The Calvin Report: Joyous Joe Root wins over doubters

Yorkshire batsman puts tourists to the sword after Bell stands ground in latest referral controversy

Lord’s

Steve Smith stood, perplexed, isolated and understandably troubled. He had effectively been labelled a cheat or, at best, an opportunist. Cricket’s capacity to conjure controversy, even on the most somnambulant of days, never ceases to amaze.

Ian Bell was within his rights to stand his ground when Smith casually claimed a catch in the gully as England were gently squeezing the life out of the Lord’s Test. It seemed a routine sequence, and stirred few passions; the Australians barely appealed, and ambled to congratulate the fielder.

He appeared to have placed his fingers, which were flat on the grass, under the ball. Since we no longer live in an age when a simple reassurance that the ball had carried suffices, Smith’s integrity was then implicitly judged by the third umpire, Tony Hill.

Bell, on three, survived to score 71 more runs. The crowd booed, and the moral majority rushed to ascend the steps to the pulpit. Their nerdy cousins began to get disconcertingly technical about the foreshortening quality of the modern TV camera.

A colonial poet with access to the official Cricket Australia Twitter account observed: “That decision sucked ass.” The hashtag – “bullshit” – left little room for manoeuvre. The apology for an undignified, unnecessary outburst was rapidly offered, yet the sense of frustration at the questionable parameters of technological influence will endure.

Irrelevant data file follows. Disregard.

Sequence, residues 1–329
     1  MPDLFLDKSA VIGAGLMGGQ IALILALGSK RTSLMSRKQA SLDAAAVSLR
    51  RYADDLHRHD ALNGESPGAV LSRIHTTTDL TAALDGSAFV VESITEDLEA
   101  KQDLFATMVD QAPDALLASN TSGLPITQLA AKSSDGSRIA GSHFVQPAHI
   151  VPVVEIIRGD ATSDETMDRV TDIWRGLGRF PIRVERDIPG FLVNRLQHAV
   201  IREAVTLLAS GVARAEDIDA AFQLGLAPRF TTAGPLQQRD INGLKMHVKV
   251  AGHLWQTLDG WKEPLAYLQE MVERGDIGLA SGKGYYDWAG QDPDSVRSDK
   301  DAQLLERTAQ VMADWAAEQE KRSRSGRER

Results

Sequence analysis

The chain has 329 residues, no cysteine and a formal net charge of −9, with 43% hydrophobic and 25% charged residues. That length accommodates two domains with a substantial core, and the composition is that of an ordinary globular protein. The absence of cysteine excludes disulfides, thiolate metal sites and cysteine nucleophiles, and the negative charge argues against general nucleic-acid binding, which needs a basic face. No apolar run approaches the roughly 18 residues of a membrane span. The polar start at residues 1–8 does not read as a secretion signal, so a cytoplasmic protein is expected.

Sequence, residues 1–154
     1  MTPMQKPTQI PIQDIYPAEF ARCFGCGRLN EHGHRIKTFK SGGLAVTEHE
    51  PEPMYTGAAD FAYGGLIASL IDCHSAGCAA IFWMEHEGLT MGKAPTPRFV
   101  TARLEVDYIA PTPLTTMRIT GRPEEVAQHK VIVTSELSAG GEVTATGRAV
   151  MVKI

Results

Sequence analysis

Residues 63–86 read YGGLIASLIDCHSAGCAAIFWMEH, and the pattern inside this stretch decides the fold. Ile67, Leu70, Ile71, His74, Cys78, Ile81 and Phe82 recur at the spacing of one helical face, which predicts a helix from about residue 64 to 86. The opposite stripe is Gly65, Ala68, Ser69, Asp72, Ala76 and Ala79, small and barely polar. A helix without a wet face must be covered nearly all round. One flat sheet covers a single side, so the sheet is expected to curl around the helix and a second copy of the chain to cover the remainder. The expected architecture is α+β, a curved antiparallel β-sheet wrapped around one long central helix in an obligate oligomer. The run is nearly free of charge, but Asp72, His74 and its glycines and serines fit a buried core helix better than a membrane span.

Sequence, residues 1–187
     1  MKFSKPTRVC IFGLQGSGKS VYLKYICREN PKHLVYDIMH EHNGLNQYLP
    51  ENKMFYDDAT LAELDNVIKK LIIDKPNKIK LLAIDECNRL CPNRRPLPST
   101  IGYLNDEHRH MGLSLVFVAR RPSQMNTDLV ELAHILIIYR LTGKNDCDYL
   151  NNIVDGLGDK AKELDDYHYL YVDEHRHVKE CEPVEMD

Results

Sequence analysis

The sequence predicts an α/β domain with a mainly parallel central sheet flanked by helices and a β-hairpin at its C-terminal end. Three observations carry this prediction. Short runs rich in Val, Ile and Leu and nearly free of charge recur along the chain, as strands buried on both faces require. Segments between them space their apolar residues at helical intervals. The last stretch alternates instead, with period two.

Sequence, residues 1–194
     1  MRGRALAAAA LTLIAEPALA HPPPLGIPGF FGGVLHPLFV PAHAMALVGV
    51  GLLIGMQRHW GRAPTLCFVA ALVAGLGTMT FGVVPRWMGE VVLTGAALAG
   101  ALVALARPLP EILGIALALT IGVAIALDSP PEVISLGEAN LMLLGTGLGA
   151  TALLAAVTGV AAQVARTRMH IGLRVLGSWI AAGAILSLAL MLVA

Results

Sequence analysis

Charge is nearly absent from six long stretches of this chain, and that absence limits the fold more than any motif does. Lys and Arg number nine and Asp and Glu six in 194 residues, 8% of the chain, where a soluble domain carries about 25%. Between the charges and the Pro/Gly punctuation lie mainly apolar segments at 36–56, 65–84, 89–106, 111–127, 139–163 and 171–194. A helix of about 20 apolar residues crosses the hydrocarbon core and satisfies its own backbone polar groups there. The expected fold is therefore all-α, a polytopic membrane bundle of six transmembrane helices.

The last thing this Ashes series needs is another provocative situation, which tests the conventions of competitive courtesy between teams. The tourists, already facing potential humiliation on the fourth day of a contest that will sap their will, spirit and self-esteem, cannot allow any sense of resentment to foster.

Test match cricket is a hard school, but it is also a platform for old school cricketers of all ages. Joe Root, who possesses the features of a fourth former and the instincts of a playground bully, will remember the 202nd day of his 23rd year, when he became the youngest England batsman to score an Ashes century at Lord’s .

In the circumstances, he can be forgiven the gauche ritual of kissing the England badge on his protective helmet, after he had cut Ashton Agar through the covers for four to move to his second Test hundred.

Root deserves such indulgence because the doubters would have been in full voice had he not survived a flash through the slips when he had scored eight the previous evening. The instant judgements, following three immediate failures on his promotion to open the innings, would have been harsh and premature.

Joy propelled him ten strides towards the boundary where his younger brother Billy, an MCC groundstaff boy assigned twelfth man duties in a high visibility fluorescent jacket, was punching the air. Within minutes he was trending on Twitter. That was an appropriate honour, since even his nickname (Wireless, derived from wireless router, geddit?) smacks of modernity.